Exercise 12.10 - Establishment of a Primary Culture
- Chick embryo (approximately 8 days old)
- 70% (v/v) ethanol for swabbing
- Sterile scissors, forceps and probes
- Sterile petri plates
- Phosphate buffered saline (PBS)
- Trypsin, cold sterilized in a 125 ml sterile erlenmeyer containing a magnetic stirring bar
- Minimum Essential Medium
- Fetal Calf Serum
- Clinical centrifuge with sterile capped centrifuge tubes
- Culture flasks
- Inverted phase contrast microscope (Optional)
- Candle an 8 day old egg to ensure that it is alive. This is
easily accomplished by holding the egg in front of a bright light
source; the embryo can be seen as a shadow. Circle the embryo
with a pencil.
- Place the egg in a beaker with the blunt end up, and wash
the top with a mild detergent, followed by swabbing with ethanol.
- Carefully puncture the top of the egg with the point of a
pair of sterile scissors and cut away a circle of shell, thus
exposing the underlying membrane (the chorioallantois).
- With a second pair of sterile scissors, carefully cut away
and remove the chorioallantoic membrane, exposing the embryo.
- Identify and carefully remove the embryo by the neck, using
a sterile metal hook or a bent glass rod, and place the embryo in
a 100mm petri dish containing phosphate buffered saline (PBS).
Wash several times with PBS by transferring the embryo to fresh
petri plates. After removal of all yolk and/or blood, move the
embryo to a clean dish with PBS.
- Using two sterile forceps, remove the head, limbs, and
viscera. Be sure to remove the entire limb by pulling at the
proximal end. Move the remaining tissues of the embryo to yet
another dish and wash with PBS.
- Mince the embryo finely with scissors and transfer the
minced tissue to a flask containing PBS. Allow the tissue pieces
- Remove the PBS with a sterile pipette and add 25 ml of
trypsin, a proteolytic enzyme. Stir the solution gently at 37°
C for 15-20 minutes.
- Allow the larger, undigested tissue pieces to settle and
decant the supernatant into an equal volume of Minimal Essential
Medium (MEM) + 10% Fetal Calf Serum (FCS). FCS contains protease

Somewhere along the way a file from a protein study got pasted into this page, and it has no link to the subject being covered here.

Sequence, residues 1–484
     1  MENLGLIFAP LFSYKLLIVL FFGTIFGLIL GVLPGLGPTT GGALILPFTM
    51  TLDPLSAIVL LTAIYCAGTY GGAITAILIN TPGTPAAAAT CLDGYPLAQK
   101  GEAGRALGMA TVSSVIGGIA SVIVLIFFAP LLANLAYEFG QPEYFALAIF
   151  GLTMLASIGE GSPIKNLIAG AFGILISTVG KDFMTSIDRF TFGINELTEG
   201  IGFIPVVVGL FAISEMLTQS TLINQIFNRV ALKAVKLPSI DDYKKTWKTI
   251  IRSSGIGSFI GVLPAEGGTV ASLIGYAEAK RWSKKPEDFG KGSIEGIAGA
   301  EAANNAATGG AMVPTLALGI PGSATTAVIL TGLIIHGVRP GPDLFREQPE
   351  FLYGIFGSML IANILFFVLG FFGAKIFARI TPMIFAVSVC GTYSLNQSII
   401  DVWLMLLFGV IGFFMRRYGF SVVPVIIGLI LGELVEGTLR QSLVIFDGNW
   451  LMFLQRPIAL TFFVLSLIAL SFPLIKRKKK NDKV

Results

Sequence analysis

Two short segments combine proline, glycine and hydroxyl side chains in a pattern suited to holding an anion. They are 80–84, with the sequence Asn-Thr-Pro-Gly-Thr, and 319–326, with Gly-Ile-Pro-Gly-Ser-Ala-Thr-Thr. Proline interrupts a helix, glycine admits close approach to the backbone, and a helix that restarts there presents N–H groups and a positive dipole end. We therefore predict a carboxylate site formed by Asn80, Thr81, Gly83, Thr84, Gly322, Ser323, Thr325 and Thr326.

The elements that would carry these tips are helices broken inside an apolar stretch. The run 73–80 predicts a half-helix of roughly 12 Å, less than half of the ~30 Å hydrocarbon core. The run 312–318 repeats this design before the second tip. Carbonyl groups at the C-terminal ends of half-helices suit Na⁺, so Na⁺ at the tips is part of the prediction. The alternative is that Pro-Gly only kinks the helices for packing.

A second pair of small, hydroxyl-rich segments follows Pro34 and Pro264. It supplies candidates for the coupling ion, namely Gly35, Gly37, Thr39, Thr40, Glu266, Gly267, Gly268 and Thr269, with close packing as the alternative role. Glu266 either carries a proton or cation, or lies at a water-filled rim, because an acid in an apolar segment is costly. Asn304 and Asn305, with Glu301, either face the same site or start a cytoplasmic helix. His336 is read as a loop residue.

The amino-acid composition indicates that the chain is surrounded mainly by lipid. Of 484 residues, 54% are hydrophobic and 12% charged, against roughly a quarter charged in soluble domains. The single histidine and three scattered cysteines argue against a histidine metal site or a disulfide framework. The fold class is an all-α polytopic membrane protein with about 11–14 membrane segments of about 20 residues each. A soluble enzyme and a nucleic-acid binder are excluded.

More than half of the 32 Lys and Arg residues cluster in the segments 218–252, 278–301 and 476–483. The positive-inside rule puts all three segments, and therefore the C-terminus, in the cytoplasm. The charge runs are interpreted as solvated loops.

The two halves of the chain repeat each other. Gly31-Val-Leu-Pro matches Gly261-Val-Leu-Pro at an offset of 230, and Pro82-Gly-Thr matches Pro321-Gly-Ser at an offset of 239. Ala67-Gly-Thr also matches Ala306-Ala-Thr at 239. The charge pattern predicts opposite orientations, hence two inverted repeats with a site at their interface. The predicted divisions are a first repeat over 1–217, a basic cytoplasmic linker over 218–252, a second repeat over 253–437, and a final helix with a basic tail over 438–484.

inhibitors which will inactivate the trypsin.
- Centrifuge the cells in MEM at 1000 rpm for 10 minutes in a
standard clinical centrifuge. Remove the supernatant and
resuspend the pellet in 25 ml of fresh MEM + 10% FCS.
- Remove 0.1 ml of the culture and determine cell
concentration and viability as directed in the previous section.
- Seed two 25 cm
plastic culture flasks containing 25 ml of MEM + 10% FCS to a
final concentration of 10
- Label and place your cultures in the tissue culture
incubator at 37° C and examine daily for cell density and
- Note any changes in the color of the media. Tissue Culture
media has a pH indicator (Phenol Red) added in order to check on
the growth of cells. The media initially is a cherry red (with
slight blue haze) and turns orange and then yellow as the cells
grow, thereby reducing the media. Should this color change occur
within 24 hours, the culture is most likely contaminated and
should be disposed of.
- Examine the cultures using an inverted phase contrast
microscope. This will allow observation of the cells without
opening or disturbing the growth.
- Make cell density determinations at 10 X magnification using
a square ocular grid, as explained in Chapter One for the
determination of area.
- Plot the cell density on a log scale vs. time of culture.
- Diagram the shape of the cells at each phase.
The cultures will develop differently than the suspension
cultures. The viable cells will grow out of the trypsinized
pieces of tissue and will remain in contact with the bottom of
the culture flask. They will continue to divide and migrate until
the entire bottom of the flask is covered with a single layer of
cells (contact inhibition and the formation of a monolayer).
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Cell Biology Laboratory Manual
Dr. William H. Heidcamp, Biology Department, Gustavus Adolphus College,
St. Peter, MN 56082 -- email@example.com